TORONTO — Mitch Marner, the Toronto Maple Leafs’ second-leading scorer and third-highest paid player, is still looking for his first point of the season at 5-on-5.
So, he’s asked, how soon do you start worrying about your line when it doesn’t seem to be clicking?
"Never," Marner replied, in advance of Tuesday’s visit by the Minnesota Wild.
This is yet one more reminder about the difference between a high-level athlete and the rest of the population. Where a fan or media member might sound the alarm at Marner’s 1.35 points per 60 even-strength minutes to start the season — down sharply from his impressive rate of 3.23 a year ago — the man himself sails on as though passing through clear skies.
The Leafs have only played six games, nowhere near enough to be considered a trend. The next chance to break out comes with back-to-back games against the Wild and Washington Capitals.
"Just stay patient with it, stuff’s going to come," said Marner. "There’s no worry on our line or on our team."
It helps to have a supporting cast that includes a second No. 1 line featuring Auston Matthews, not to mention a bottom-six forward group producing beyond anyone’s expectations in the early going.
It also helps to be as talented as Marner is. He’s produced goals and assists at an exceptional rate since first picking up a hockey stick.
"There’s always a strong belief, especially when you’ve done it over and over," said John Tavares, his similarly snake-bitten centre.
Marner and Tavares found instant chemistry on a line last season and were two of the NHL’s most productive even-strength players. Marner finished with 70 points — one ahead of a group that included Sidney Crosby, Artemi Panarin and Tavares.
They have started this year without left-winger Zach Hyman, who is still recovering from knee surgery. The fit with Kasperi Kapanen hasn’t been quite as seamless and no doubt has contributed to their slow jump out of the blocks.
But when the NHL’s highest-paid duo reviews video of their shifts, they also see a little too much perimeter play. Not enough high-danger looks from the middle of the ice. Marner says they’ve been working on doing a better job of cycling the puck out of the corner and getting it to the scoring area while playing in the offensive zone.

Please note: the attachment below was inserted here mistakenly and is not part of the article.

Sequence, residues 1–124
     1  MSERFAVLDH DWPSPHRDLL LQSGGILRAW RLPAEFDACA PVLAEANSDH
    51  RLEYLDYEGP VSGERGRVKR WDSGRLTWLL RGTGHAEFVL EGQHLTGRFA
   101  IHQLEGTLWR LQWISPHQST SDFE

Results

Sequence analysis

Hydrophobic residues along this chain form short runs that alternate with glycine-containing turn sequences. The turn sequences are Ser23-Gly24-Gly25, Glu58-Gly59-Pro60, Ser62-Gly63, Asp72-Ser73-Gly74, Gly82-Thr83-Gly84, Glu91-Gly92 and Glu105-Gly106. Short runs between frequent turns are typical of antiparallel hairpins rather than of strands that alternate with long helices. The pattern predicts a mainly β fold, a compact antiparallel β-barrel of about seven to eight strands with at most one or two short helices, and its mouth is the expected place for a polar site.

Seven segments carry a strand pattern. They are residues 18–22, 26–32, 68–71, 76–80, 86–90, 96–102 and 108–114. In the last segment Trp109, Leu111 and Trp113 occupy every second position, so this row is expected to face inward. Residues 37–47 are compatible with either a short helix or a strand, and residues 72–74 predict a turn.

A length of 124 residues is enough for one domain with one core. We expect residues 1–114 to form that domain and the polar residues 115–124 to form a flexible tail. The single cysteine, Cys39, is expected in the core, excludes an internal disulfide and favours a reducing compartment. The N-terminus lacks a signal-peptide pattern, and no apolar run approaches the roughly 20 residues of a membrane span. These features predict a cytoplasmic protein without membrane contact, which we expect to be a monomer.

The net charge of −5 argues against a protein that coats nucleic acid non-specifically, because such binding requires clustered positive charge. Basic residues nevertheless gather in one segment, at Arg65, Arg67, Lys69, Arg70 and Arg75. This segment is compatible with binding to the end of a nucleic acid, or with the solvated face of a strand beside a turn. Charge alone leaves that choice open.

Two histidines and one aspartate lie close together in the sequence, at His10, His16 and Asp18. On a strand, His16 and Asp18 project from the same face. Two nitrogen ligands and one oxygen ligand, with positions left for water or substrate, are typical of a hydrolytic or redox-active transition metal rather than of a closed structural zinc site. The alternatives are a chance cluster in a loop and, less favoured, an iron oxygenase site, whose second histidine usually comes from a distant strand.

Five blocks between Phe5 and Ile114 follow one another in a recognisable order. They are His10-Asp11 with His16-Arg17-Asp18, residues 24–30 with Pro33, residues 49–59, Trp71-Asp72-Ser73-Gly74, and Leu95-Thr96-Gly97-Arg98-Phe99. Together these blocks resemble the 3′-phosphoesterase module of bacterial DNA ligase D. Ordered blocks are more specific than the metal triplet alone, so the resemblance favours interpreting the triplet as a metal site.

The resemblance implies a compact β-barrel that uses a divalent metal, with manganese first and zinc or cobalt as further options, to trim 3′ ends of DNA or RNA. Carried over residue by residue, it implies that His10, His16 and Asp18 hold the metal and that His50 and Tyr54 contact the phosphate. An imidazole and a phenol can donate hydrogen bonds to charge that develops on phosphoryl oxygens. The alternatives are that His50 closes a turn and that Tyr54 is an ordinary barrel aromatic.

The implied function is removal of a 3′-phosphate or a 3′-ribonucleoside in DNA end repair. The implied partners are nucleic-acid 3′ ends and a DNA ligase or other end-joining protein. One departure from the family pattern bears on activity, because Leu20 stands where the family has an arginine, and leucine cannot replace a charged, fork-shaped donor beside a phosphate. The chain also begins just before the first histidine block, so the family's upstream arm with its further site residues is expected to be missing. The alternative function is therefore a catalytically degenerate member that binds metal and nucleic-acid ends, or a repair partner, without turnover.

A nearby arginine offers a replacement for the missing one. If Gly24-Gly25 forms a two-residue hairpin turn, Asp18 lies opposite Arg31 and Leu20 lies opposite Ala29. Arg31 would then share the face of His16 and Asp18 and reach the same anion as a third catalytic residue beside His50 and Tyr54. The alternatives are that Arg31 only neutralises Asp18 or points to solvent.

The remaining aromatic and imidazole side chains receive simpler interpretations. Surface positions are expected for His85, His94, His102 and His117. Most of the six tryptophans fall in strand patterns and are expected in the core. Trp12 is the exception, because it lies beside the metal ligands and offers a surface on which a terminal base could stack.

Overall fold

"I thought we did better last game," said Marner.
"I think we can continue to build there," added Tavares.
It’s not as if they’ve been bad.
They just haven’t dominated anywhere close to the degree they did a year ago.
Marner still has six points — on pace for 82 — while Tavares has five thanks to some production on the power play.
"It’s early in the year," said head coach Mike Babcock. "The way I always look at it is sometimes you get off to a real hot start and then you fade a little bit, and sometimes you don’t get started the way you want numbers-wise and it’s still going your way [by the end of the season].
"I think the biggest thing is you just be patient and you work. As a good pro, you come in and you do your work each and every day and it’s great when everything goes good and you don’t have to think about nothing.
"Sometimes when it doesn’t go as good you’ve got to dig in a little bit more. But steady on the rudder, just keep going, and you’ll find your way."
That this has even become a talking point is a testament to the expectations for Marner and Tavares, not to mention the rest of the Leafs. The team is off to a ho-hum 3-2-1 start. The stars could use some more shine.
Down the hall at Scotiabank Arena, Wild coach Bruce Boudreau would love to have "problems" like these.
"They’re both great. They’re going to click," he said of the Marner-Tavares duo. "I mean it’s just a matter of time. I just hope it starts next week."